Thursday, April 5, 2012

les verbes avec l'auxiliaire être

I. Verbs conjugated in the present perfect with "to be" as the auxiliary

I am become Death, destroyer of worlds.

--the Bhagavad Gita, as quoted by scientist Robert Oppenheimer, one of the "fathers" of the atomic bomb

You don't hear it much in modern English, but in older English, it was common for some verbs, especially verbs of motion and verbs of change of state, to be paired with "to be" instead of "to have" in the past tense. The above Oppenheimer quote is an example of this: "I am become Death" instead of "I have become Death." In Stephen R. Donaldson's The One Tree, a powerful character named Infelice arrives at a gathering and announces her presence by saying: I am come.

This should alert you to the fact that not all verbs are conjugated in the present perfect with the auxiliary (i.e., helping verb) "to have." There are verbs that take "to be" as their auxiliary.

II. La maison d'être

In modern French (and in German, too, by the way*), a certain set of verbs is still conjugated in this manner. French teachers teach these verbs in several different ways, but one of the more prominent ways (aside from invoking "MRS. D.R. VANDERTRAMPP"**) is to use a visual aid called "La maison d'être," or "the House of être." See below:

(reference found here)



III. Some quirks of être verbs

As in older English, French être verbs (henceforth "E-verbs") are those that involve motion or a change of state. When you conjugate an E-verb au passé composé, the past participle must agree with the gender and number of the subject. To wit:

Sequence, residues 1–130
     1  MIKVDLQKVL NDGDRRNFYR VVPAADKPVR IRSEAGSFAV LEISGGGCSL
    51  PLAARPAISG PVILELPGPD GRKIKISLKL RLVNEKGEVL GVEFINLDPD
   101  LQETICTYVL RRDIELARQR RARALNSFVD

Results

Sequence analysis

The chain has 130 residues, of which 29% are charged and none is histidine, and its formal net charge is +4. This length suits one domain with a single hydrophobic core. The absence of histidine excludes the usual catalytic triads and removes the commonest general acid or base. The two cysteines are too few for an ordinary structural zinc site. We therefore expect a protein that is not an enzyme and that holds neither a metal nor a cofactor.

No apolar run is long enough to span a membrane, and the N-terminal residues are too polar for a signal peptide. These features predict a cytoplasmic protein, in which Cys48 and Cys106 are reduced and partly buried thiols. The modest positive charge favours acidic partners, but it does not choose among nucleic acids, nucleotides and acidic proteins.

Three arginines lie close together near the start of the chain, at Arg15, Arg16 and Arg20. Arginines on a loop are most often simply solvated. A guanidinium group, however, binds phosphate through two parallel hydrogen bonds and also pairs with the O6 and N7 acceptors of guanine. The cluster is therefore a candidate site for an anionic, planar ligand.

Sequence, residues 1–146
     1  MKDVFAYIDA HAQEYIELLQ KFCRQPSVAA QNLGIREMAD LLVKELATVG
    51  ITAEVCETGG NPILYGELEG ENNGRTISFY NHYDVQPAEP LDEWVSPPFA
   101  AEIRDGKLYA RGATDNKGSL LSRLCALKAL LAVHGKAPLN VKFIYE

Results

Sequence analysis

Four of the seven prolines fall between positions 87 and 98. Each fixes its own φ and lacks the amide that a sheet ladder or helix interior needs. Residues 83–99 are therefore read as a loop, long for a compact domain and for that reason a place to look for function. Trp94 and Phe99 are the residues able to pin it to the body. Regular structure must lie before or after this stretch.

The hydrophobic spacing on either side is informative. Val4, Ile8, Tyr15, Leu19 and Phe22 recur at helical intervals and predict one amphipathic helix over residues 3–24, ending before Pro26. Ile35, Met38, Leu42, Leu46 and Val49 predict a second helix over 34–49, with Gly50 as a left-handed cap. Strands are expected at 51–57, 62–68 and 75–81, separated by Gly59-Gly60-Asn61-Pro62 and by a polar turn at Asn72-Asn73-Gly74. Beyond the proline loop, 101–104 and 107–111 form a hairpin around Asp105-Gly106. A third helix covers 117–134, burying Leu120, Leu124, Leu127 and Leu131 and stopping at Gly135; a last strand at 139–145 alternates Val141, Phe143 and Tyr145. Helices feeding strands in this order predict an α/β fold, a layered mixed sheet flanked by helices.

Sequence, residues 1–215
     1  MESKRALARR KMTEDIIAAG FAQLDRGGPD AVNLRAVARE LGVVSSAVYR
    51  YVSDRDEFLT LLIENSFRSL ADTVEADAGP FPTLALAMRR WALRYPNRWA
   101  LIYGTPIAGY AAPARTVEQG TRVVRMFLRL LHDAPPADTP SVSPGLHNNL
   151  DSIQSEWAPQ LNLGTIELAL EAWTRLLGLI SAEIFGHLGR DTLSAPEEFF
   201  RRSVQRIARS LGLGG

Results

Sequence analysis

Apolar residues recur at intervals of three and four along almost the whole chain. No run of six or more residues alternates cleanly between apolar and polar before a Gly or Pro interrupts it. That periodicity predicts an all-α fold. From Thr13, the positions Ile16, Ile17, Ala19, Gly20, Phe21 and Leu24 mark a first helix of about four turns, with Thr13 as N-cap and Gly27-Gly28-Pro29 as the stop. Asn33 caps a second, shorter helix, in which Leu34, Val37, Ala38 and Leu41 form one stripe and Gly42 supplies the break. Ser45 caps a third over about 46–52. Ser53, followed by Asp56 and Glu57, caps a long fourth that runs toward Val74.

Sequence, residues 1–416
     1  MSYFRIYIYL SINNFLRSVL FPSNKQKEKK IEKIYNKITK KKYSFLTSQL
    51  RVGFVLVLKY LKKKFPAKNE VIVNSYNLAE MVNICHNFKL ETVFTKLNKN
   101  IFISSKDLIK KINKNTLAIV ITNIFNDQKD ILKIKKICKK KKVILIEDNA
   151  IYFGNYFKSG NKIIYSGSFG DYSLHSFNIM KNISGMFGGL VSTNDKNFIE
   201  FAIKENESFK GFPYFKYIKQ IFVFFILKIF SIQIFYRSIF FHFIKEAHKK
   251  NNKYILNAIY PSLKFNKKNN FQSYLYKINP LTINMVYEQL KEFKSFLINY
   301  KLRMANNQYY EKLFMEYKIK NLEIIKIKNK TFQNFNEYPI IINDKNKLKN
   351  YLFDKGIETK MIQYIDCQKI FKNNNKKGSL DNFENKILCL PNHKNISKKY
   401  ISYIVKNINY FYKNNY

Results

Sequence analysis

Je suis monté(e)
Tu es monté(e)
Il est monté
Elle est montée
Nous sommes monté(e)s
Vous êtes monté(e)(s) (remember, with "vous," this could be singular!)
Ils sont montés
Elles sont montées

Another quirk to remember is that certain E-verbs can also be conjugated with avoir if they're transitive (i.e., transferring their action from the subject to an object or objects; see here for more info). Some E-verbs that can also be A-verbs:

passer: J'ai passé le livre à mon frère. (I passed the book to my brother.)
descendre: J'ai descendu les bagages. (I took down the bags.)
         (Or, more sinisterly) J'ai descendu le flic. (I killed the cop.)
sortir: J'ai sorti la poubelle. (I took out the garbage.)
monter: J'ai monté mon sac à dos. (I've put up my backpack.)

There are others, but you get the idea. If the E-verb is being used transitively, i.e., with an object, then it's actually an A-verb in that context. Be very careful with this!


IV. Les verbes pronominaux et les verbes réfléchis: pronominal and reflexive verbs

There is an entire class of verb that is always conjugated with être: le verbe pronominal. A subtype of this verb is le verbe réfléchi, or reflexive verb. In the infinitive form, such verbs have the pronoun "se" in front of them.

The pronoun se normally means something like "(to) oneself/each other," but sometimes there's no good reason for the se to be there. In such cases, the pronoun se is simply a pronoun and implies no reflexivity. A good example of this is the verb s'apercevoir, to notice/realize, which can be both pronominal and reflexive.

PRONOMINAL: Elle s'aperçoit que son mari n'est pas revenu. (She realizes that her husband hasn't come back.)
REFLEXIVE: Elle s'aperçoit dans la glace. (She notices herself in the mirror.)

Elle s'est aperçue que son mari n'était pas revenu. (She realized her husband hadn't come back.)
Elle s'est aperçue dans la glace. (She noticed herself in the mirror.)

As you see above, the se plays no real role in the pronominal sentence.

Now look at the following reflexive verbs:

Ils se parlent. = They talk/speak to each other.
Ils se sont parlé. = They talked/spoke to each other.

Elles se voient. = They (fem.) see each other.